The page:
Modified tonnage. Sometimes a shipowner may find that the cargoes his ship carries rarely submerge the ship’s normal load lines.
This would be the case with light, bulky cargoes or with livestock or other lowdensity cargo, which can have a low deadweight. He can apply to the authorities for the load lines to be marked lower down the side of the ship. Calculations for the distance from the load lines to the deck (i.e., the “freeboard”) are made with reference to the second deck from above (in the usual general cargo ship type to which this applies) and not to the uppermost deck. This is called a “greater than minimum freeboard” under the Load Line Convention. (One advantage of larger freeboards may be that Classification Societies allow lesser “scantlings” or standard dimensions for the structural components of the vessel.)
The ship’s gross tonnage is measured, this time excluding the space between the second and upper decks. Naturally, the ship will also have a lower registered tonnage. This tonnage is known as “modified tonnage”.
Modified tonnage was a concept introduced in 1967, mainly by 1MG, because of the problem posed by the type of vessel known as a “shelter decker”. The scheme resulted in a special “Tonnage mark” placed on each side of the ship.
The traditionally designed general cargo vessels of the 1950s and 1960s (still found in some oldfashioned trading areas today) was the “three-island type” with raised forecastle, accommodation block and raised “poop” .
The spaces on deck between these structures were exempted from tonnage measurement but could be used for cargo. Owners did carry cargo in these “wells” and protected it by awnings and other shelters which gradually became more permanent. Eventually the spaces were totally enclosed with a permanent deck above. These spaces became known as the “shelter deck spaces.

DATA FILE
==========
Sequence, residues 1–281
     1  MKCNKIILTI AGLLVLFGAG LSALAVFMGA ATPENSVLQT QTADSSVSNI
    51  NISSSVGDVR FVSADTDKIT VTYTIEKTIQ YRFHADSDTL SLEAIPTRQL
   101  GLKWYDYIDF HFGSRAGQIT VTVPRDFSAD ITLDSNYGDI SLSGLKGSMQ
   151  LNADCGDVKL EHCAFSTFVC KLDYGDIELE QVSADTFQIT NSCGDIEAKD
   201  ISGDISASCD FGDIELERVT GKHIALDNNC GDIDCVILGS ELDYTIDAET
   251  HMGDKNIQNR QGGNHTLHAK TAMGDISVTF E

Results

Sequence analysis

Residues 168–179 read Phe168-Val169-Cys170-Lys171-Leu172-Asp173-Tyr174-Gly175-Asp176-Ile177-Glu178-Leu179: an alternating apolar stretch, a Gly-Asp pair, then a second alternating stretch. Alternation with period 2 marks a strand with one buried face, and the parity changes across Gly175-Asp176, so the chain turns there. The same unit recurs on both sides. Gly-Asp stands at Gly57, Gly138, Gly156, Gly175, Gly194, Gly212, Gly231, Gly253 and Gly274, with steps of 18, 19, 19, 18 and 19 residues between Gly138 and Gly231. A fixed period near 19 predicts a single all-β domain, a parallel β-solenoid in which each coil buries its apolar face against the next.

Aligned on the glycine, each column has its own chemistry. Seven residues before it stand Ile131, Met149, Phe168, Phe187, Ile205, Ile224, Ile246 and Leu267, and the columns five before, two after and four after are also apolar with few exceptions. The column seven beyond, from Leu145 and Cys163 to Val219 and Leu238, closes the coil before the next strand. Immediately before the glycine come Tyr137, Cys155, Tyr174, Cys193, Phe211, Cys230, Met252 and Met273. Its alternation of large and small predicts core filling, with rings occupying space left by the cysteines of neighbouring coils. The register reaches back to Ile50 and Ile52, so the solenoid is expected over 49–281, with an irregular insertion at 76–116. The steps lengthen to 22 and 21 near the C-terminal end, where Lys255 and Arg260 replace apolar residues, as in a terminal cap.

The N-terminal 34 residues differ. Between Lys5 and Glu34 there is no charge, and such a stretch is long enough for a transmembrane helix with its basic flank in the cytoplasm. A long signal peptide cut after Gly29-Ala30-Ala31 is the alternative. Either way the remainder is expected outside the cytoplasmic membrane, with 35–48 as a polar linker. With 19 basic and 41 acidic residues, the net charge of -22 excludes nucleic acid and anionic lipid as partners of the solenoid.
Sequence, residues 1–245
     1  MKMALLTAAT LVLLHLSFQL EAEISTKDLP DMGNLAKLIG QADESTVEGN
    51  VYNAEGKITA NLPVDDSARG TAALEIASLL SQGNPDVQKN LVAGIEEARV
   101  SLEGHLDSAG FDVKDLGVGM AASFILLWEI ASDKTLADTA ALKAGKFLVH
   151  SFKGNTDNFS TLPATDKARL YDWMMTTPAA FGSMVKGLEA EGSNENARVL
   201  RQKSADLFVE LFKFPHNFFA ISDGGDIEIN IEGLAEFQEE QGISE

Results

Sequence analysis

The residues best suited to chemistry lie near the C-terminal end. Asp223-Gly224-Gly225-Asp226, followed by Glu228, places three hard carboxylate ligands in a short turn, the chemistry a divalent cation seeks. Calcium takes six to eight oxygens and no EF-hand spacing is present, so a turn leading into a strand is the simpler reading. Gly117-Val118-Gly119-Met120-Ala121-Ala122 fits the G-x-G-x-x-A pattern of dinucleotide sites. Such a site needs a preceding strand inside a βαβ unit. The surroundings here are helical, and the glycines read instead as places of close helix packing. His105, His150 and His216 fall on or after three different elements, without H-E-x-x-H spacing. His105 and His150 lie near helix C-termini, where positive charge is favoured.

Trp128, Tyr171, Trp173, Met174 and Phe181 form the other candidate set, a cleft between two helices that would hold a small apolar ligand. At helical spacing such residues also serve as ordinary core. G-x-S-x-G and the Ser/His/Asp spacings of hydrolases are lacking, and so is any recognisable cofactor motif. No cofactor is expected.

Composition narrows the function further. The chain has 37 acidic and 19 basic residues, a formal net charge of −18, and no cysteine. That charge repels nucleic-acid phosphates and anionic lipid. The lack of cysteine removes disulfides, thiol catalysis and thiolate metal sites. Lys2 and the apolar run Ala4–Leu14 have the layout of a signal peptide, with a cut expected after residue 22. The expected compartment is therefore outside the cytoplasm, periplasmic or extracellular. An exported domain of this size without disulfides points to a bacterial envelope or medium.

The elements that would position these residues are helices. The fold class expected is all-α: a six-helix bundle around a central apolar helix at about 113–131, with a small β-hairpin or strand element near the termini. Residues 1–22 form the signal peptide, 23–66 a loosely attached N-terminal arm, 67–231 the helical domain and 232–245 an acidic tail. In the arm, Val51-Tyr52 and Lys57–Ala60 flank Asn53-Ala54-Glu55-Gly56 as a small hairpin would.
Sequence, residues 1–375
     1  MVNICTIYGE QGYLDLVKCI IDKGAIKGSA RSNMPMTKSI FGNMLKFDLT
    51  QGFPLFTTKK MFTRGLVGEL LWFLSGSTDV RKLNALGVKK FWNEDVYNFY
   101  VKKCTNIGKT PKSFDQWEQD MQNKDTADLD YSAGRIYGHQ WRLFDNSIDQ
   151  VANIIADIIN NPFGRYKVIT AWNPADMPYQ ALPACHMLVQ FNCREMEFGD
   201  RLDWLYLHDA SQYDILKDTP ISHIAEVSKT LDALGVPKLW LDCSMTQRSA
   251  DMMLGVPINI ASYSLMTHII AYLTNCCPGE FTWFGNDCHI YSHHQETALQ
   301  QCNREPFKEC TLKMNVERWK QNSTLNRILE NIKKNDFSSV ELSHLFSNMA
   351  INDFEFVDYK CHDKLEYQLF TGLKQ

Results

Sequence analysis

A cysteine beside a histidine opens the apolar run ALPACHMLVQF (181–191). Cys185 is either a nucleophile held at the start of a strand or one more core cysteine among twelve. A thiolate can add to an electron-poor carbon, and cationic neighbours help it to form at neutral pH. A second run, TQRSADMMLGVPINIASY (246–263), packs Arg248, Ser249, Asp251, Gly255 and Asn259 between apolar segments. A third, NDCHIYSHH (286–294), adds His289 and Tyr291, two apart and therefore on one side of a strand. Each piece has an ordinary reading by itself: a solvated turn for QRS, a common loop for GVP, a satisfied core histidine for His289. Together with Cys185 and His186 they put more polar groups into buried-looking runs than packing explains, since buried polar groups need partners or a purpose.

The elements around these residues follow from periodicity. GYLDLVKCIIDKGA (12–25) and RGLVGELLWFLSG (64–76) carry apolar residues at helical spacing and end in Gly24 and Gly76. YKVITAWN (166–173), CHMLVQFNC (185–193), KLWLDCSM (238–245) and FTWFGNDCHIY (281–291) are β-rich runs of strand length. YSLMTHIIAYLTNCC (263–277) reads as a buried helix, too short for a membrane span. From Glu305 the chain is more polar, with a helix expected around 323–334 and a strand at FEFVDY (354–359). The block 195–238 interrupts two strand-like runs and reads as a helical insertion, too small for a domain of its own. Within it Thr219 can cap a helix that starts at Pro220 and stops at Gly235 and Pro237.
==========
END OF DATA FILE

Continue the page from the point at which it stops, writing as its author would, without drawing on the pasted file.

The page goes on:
However, to maintain the fiction that the space above the original upper deck was still “open”, the shelter deck spaces were interconnected by openings and a small “tonnage hatch” at the after end of the ship led to the shelter deck space. The tonnage hatch could not be permanently or substantially covered. This led to a concern for the safety of these vessels. For example, if there was fire or flooding, the danger could spread from one end of the ship to the other without hindrance.
The tonnage mark was introduced to encourage shipowners to close all these “tonnage openings” andrestore the vessel’s integrity without being penalised by having the shelter deck space included in the vessel’s tonnage. This method was not popular with port and other authorities which derive their revenue based on the ship’s tonnage.
For modified tonnage, the space between the second deck from above and the upper deck is not included in tonnage measurement. Where these tonnages apply, a “tonnage mark” is placed on the ship’s side, in line with the deepest load line. The tonnage mark functions as a badge rather than as a level to which the vessel may be loaded.